Midang Literary House and Events for the 100th Anniversary of Seo Jeong-ju’s Birth
- onDecember 22, 2015
- Vol.30 Winter 2015
- bySeo Jeong-ju
Midang is the penname of the poet Seo Jeong-ju. It carries the meaning of “not yet fully grown” or a “wish to forever be a boy.” The Midang Literary House is located in the poet’s hometown of Jeollabuk-do Province, Gochang-gun, Buan-myeon, Seonun-ri. The positioning of the Literary House is quite special. There is a large mountain (Mt. Soyo) behind, the ocean (Byeonsan Beach) in front, the poet’s house of birth to the left, and his grave to the right. Even throughout the rest of the world, it is rare to find a poet’s life, death, and memorial all gathered in one place, in the midst of beautiful, natural scenery.
The Midang Literary House was originally a school, a branch of Bongam Elementary. When the school was scheduled to be closed due to the dwindling number of students in the remote village, cultural administrators had the idea to repurpose the building as a memorial hall for Seo Jeong-ju. With 5,000 of the poet’s personal effects on display, visitors can see the majority of Seo’s writings as well as various everyday items he used. There are more personal effects preserved at the Midang Literary House than at any other author’s memorial hall in all of Korea.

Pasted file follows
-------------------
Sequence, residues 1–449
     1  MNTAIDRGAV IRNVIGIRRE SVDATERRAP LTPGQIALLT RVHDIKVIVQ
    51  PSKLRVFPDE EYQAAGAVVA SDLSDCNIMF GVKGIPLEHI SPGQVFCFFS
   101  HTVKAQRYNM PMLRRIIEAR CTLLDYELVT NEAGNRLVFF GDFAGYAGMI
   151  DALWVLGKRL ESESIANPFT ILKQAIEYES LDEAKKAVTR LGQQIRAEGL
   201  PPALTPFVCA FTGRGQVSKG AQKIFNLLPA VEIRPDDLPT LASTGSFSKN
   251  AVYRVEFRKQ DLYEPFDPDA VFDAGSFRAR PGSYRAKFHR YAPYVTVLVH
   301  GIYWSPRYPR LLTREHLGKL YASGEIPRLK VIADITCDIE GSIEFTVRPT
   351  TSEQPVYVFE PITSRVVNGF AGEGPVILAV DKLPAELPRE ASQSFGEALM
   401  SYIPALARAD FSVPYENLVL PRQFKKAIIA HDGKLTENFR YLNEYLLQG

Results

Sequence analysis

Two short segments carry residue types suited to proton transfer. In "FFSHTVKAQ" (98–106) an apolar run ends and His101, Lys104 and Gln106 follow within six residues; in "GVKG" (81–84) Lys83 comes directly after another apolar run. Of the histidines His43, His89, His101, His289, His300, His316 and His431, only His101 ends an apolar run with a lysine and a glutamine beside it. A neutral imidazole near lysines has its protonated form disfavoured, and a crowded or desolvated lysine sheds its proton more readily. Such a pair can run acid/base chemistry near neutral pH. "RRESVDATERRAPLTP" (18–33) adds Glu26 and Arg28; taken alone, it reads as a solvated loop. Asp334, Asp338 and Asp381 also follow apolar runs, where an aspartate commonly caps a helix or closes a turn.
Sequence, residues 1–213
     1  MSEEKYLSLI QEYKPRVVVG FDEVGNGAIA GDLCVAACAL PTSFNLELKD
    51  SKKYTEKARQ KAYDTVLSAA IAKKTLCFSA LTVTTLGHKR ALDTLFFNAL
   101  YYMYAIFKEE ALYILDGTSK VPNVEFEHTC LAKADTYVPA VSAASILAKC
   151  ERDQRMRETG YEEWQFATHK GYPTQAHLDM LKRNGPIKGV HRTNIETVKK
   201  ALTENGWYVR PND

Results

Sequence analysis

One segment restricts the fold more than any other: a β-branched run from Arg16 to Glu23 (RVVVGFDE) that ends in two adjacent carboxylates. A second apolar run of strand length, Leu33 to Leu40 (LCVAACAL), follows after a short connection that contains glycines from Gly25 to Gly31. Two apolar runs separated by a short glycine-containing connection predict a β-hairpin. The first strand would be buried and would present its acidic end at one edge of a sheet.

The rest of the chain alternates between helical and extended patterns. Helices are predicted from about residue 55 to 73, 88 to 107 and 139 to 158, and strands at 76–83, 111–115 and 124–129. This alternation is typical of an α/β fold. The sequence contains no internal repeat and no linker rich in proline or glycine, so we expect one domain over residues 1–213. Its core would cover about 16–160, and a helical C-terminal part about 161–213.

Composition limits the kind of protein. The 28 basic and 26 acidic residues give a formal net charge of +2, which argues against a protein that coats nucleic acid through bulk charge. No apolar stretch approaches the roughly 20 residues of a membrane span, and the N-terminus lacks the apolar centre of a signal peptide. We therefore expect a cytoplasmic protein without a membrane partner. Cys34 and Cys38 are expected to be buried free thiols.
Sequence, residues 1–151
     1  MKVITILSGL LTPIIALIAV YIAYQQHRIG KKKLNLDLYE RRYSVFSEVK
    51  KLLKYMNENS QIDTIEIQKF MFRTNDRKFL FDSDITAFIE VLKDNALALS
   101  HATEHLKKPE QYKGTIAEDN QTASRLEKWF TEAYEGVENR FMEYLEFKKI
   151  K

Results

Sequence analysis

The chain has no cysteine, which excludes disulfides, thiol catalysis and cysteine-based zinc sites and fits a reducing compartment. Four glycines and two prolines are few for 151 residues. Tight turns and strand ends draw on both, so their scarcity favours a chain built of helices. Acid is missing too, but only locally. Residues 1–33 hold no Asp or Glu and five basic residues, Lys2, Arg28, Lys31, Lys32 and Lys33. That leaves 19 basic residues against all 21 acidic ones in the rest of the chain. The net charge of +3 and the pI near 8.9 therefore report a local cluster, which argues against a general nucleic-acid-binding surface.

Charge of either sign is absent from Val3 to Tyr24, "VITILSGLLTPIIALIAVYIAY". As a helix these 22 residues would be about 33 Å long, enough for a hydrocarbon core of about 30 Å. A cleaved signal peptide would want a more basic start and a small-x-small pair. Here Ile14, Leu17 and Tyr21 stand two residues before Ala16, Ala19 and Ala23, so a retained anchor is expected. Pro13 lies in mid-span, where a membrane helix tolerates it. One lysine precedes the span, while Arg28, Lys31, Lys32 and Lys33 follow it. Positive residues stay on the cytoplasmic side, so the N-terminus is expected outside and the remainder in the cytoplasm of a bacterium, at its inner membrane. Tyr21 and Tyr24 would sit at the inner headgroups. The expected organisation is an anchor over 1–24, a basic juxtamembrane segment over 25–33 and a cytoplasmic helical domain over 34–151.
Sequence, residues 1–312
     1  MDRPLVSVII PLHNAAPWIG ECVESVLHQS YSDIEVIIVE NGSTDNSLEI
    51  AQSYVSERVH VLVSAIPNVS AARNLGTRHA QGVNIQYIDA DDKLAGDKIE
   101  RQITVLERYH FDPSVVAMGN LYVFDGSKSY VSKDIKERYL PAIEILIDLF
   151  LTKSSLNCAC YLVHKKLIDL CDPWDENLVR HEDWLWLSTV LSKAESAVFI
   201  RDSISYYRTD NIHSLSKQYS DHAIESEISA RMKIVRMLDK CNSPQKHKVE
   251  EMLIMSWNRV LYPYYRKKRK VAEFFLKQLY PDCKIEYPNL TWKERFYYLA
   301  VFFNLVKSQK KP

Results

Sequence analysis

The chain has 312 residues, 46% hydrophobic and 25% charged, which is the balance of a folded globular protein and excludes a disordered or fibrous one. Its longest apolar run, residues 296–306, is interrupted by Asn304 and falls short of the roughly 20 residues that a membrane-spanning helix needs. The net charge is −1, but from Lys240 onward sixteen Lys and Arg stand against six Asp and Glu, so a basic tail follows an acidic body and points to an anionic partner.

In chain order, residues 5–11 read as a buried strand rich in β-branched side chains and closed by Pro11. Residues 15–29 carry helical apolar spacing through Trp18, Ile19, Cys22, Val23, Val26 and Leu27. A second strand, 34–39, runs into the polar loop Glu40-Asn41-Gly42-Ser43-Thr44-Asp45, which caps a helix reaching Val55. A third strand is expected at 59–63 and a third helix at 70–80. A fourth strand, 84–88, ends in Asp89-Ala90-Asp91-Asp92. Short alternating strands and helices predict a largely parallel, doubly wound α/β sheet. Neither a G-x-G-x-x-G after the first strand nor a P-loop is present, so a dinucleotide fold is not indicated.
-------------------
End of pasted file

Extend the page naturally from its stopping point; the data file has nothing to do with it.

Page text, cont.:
One of the Literary House’s peculiarities is the five-story exhibition tower designed by the architect Kim Won. Many of the exhibits are on display on the ground floor of the school building, but the tower holds the most precious items. If the single-story school building is said to resemble the ocean, then the tower represents the mountains that surround the village. It is a man-made construction combining the horizontal and vertical to create the ocean and the mountains, but it succeeds in replicating the harmony of nature found in the poet’s hometown.
This building doesn’t try to stand out from the landscape. Instead of trying to overwhelm or resist its surroundings, it is comfortably nestled in nature’s embrace. One could say that this was the architect’s philosophy. The Midang Literary House is in the center of the village, but it doesn’t give off that sort of feeling. It seems to have kept alive the land’s original “school”- like personality quite well.
When climbing the stairs to the fifth floor of the tower, it feels as if you are climbing a mountain. Pictures of the world’s most famous mountains are hung on the walls to see as you ascend the stairs. These pictures are from a collection of 1,628 mountains that Seo memorized as he got older. As he reached his mid-seventies, he challenged himself to memorize these mountains as a way to prevent memory-loss. The Midang Literary House purposefully displayed these photos as a testament to the poet’s tireless efforts even as he aged.
The Midang Literary House was opened one year after Seo passed away, on November 3rd, 2001. Every year around this time, the village hosts a literary festival to commemorate the opening. The highlight of the festival to present that year’s best poet with the Midang Literary Prize. This award, which is sponsored by the Korean newspaper Joongang Daily, has the interesting tradition of holding the awards ceremony in the poet’s hometown.